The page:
In the AL East, that could mean the difference between making the playoffs and waiting until next year.
Here are 10 young talents to watch in the near future in the most competitive division in baseball.
10. Michael Bowden, pitcher, Boston Red Sox
Bowden was once considered the Robin to Clay Buchholz‘ Batman, but his stock has dropped considerably over the past season. The right-hander has been pitching better lately, however, and with Josh Beckett, Tim Wakefield, and Daisuke Matsuzaka all candidates for frequent trips to the DL, Bowden likely will get a chance to rebuild his value. He was moved to the Pawtucket bullpen this week, so he could help Boston in that role.
9. Brandon Snyder, first baseman, Baltimore Orioles
Although Snyder has underwhelming stats in Triple-A, Orioles first basemen have produced two home runs, 22 RBIs and a .284 OBP this season. With Garret Atkins gone and Ty Wigginton viewed as a prime trade candidate, look for the O’s to give Snyder some serious playing time in preparation for 2011.
8. Lars Anderson, first baseman, Boston Red Sox
Based on talent alone, Anderson ranks as the third- or fourth-best player on this list, but he’s followed a terrible 2009 campaign with mixed results this season. After raking in Double-A, Anderson has struggled mightily in Pawtucket. Still, don’t be surprised if the Red Sox make use of his power come September.
7. Zach Britton, starting pitcher, Baltimore Orioles
After dominating Double-A with a 2.48 ERA and 64.1 ground-ball percentage, Britton was promoted to Triple-A Norfolk last week, where he threw six scoreless innings in his debut. Although he lacks the upside of Brian Matusz, Britton is the type of innings eater who could help the rebuilding Orioles as soon as this September.
6. J.P. Arencibia, catcher, Toronto Blue Jays
With a resurgent John Buck ahead of him and hotshot prospect Travis d’Arnaud behind him, Arencibia may have a limited window to stick in Toronto. He’s doing his best to press the issue, however, and his .319-19-52 line at Triple-A is sure to garner him some second-half playing time.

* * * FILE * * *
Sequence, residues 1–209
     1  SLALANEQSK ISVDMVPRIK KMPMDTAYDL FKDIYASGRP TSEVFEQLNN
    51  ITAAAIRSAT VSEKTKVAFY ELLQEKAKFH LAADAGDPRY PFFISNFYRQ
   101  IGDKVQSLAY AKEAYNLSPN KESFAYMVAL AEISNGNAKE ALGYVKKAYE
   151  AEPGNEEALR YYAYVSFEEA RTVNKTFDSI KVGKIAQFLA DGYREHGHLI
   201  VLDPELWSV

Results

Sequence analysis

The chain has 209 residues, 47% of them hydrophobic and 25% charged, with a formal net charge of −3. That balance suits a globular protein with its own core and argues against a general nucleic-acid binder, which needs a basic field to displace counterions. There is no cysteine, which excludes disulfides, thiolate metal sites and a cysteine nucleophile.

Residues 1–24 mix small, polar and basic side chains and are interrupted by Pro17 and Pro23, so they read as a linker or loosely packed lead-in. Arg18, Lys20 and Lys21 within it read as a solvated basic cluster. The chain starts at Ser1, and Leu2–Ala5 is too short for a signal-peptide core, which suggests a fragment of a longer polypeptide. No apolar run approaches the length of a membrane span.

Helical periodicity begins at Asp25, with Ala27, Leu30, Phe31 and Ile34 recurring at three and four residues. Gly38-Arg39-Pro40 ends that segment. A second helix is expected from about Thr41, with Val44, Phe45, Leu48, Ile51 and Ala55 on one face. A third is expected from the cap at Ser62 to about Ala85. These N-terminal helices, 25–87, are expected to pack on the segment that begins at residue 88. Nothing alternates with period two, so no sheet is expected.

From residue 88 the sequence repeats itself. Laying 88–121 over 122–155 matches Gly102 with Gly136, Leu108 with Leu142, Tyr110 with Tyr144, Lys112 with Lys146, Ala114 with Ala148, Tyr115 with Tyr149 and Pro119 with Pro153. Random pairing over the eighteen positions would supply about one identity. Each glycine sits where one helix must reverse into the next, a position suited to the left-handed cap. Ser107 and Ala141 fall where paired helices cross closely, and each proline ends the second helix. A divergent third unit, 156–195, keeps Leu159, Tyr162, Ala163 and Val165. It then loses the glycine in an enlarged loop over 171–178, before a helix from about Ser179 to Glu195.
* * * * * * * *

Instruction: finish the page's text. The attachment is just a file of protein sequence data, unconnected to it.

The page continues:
5. Ryan Kalish, outfielder, Boston Red Sox
The Red Sox’ Minor League Player of the Year in 2009, Kalish has split time between Portland and Pawtucket this season, posting a combined line of .289-9-35 with 16 stolen bases. Given the plethora of injuries to Boston outfielders, Kalish should get the chance to showcase his five-tool potential come August.
4. Jesus Montero, catcher/designated hitter, New York Yankees
Montero is the player with the highest ceiling on this list. His monster power and great batter’s eye give him Frank Thomas-like upside. Although Montero started slow in Triple-A, he hit .283 in June, and while there’s no chance he stays behind the plate long term, he could make an excellent second-half DH for the Yankees.
3. Desmond Jennings, outfielder, Tampa Bay Rays
After suffering through a wrist injury early in the season, the lighting-quick Jennings hit .359 at Triple-A in June and is ready for the big show. Jennings should supplant the struggling B.J. Upton in short order and is the perfect long-term replacement for free-agent-to-be Carl Crawford.
2. Brett Wallace, first baseman, Toronto Blue Jays
With incumbent first baseman Lyle Overbay hitting just .239 with seven home runs and 28 RBIs, look for the surprising Blue Jays to rely on Wallace and his Michael Young-type hitting skills in the second half. Wallace may lack the prototypical power of a corner infielder, but he has the ability to hit .300 or better for years to come.
1. Jeremy Hellickson, starting pitcher, Tampa Bay Rays
Wade Davis beat out Hellickson for the Rays’ final rotation spot in spring training, but Hellickson always has been considered the better long-term prospect. With Davis now struggling in the majors while Hellickson dominates at Triple-A, Hellickson could replace Davis soon and improve an already formidable Rays’ staff.